Quick adaptation is another tech writing skill that transfers well. In technical writing, you often have to quickly learn domain knowledge, technical writing technology, development technology, and the product itself. With solicited proposals, you have to digest hundreds of pages of documentation to gain a clear picture of the buyer’s needs, desires, and pain points, often consuming dozens of workflow diagrams and hundreds of requirements, as well as understanding what they expect in the response. Researching laws, regulations, or industry norms is fairly typical, as is researching available alternatives to your solution and your potential competitors. Even if your team has completed some of this research up front, there is still a great deal of spin up in a very short time period, which brings me to the next point.

4.  Superhero Skills

Working under tight deadlines is something many technical writers are accustomed to, especially in Waterfall projects. When development and testing run long, the technical writing phase is typically compressed so that the delivery date doesn’t slip. Tight deadlines are also a fact of life in proposals, as every solicitation comes with a buyer-specified due date that generally requires a tight turn.

5.  Beautification Skills

Creating an aesthetically-pleasing and easily-consumable proposal can influence evaluators, resulting in higher scores. After all, your proposal is the first deliverable that the prospective client sees and it stands to demonstrate the quality of work that your company delivers.

The document design and illustration skills that many technical writers use everyday, are also put to use in designing proposal templates and writing compelling content that is supported with infographics, mockups, process illustrations, and other figures that help the evaluator understand what you are proposing.  

The tool sets for technical writing and proposal writing are similar, if not the same. Proposal writers often work in Microsoft Word and use tools like Visio, Photoshop, and Illustrator, as well as Acrobat. Even if you use another set of tools, most publishing software offers similar functionality, so migrating from the technical writing stack to the proposal stack is pretty easy.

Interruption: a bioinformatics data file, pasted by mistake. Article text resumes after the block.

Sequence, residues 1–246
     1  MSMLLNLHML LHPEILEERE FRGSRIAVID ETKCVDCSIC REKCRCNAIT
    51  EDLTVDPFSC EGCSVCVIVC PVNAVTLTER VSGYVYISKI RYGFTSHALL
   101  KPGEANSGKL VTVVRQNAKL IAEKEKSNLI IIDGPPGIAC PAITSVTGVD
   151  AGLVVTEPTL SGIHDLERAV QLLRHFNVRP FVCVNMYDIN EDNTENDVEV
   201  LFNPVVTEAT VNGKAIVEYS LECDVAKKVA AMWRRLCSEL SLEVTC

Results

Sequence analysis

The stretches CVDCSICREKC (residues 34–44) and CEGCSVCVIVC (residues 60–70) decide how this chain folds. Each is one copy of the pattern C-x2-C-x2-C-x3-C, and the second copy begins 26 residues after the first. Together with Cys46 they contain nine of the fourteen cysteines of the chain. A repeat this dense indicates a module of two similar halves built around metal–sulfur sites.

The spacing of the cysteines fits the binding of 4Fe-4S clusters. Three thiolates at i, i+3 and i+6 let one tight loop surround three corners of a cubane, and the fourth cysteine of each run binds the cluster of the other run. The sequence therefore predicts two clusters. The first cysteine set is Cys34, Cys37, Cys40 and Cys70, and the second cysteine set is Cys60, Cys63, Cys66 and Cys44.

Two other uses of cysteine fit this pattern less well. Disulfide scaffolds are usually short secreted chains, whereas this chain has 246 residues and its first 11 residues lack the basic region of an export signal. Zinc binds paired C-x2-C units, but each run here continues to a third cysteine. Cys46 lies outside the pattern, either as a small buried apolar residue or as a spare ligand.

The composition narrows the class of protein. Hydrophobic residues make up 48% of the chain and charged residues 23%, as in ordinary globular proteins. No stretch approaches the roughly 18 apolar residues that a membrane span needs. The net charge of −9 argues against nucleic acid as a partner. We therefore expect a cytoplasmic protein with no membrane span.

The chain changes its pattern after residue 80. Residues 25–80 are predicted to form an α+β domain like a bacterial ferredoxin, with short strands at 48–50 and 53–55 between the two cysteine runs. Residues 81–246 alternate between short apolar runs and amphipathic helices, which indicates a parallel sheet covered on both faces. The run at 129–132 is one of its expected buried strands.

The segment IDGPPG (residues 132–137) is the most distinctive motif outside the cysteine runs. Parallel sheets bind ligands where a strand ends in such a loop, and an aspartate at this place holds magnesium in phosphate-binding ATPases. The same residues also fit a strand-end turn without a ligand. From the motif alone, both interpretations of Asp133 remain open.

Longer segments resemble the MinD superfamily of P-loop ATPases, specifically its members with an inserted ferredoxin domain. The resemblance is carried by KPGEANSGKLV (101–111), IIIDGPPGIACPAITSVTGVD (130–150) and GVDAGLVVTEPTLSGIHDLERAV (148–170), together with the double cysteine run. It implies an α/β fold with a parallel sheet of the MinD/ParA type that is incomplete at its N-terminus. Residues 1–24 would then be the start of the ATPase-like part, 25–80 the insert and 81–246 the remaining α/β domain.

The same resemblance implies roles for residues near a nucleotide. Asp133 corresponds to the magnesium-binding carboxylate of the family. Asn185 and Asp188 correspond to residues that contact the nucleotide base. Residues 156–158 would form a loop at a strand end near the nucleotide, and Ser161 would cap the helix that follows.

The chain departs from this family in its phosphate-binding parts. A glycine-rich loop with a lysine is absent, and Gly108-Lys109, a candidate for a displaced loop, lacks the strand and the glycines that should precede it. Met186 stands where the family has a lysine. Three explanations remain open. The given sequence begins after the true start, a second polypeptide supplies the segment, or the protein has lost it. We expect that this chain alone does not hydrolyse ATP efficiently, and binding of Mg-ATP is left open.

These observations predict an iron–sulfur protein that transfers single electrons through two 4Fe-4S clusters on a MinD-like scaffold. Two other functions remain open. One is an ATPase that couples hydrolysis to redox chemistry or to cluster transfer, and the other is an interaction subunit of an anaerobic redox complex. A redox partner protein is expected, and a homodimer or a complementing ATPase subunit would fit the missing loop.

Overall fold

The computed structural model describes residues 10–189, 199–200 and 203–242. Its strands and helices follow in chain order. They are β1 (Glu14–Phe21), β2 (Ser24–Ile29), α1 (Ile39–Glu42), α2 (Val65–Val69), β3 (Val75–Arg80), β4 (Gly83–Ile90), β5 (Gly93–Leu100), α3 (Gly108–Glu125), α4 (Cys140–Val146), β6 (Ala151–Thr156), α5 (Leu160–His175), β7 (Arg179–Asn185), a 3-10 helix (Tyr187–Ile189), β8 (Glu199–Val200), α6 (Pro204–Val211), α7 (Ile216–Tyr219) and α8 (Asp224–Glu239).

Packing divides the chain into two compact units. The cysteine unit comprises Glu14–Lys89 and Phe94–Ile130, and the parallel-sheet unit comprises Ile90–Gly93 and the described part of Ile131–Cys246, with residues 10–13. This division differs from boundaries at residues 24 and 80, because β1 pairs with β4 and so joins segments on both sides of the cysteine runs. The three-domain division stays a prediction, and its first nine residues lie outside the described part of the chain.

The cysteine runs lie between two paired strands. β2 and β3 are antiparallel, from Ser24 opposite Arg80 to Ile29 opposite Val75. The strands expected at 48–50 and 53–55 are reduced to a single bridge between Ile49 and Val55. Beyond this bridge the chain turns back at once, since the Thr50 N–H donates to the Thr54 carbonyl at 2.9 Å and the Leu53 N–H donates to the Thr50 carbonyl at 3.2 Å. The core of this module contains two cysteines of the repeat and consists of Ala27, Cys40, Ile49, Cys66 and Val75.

6.  Cat-Herding Skills

The project management (or cat herding) skills that senior technical writers use to develop the work breakdown structures and schedules of technical writing projects are also used in managing proposal efforts. As a proposal manager, you must determine all the tasks necessary to complete the proposal, how many resources it will take to get it done on time, and how to keep the team moving.

7.  Wordsmith Skills

Finally, writing and editing, the fundamental skills of technical writing, are the same skills needed for proposal writing. Though voice and style differ some, a good writer will have no problem acclimating.

More Perceived Value Changes Everything

I loved being a technical writer, but I reached a point in my career where there was very little room for advancement. Not only did I hit the glass ceiling, but I also experienced several layoffs over the years. I came to realize that despite the enormous value that good documentation provides, many managers see technical writers as a necessary evil, another expense on the bill-of-materials that eats into profit margins. It’s no surprise that technical writers are among the first to be laid off when times get tight.

As a proposal manager, my work helps to win the contracts that earn revenue for the company. That fact alone means proposal staff often have better job security, higher pay, and more opportunities for advancement.

So, if you are looking for a change, but do not want to abandon analysis, writing, and illustration, consider proposal writing. For me, this brass ring has made me feel more valued than ever before.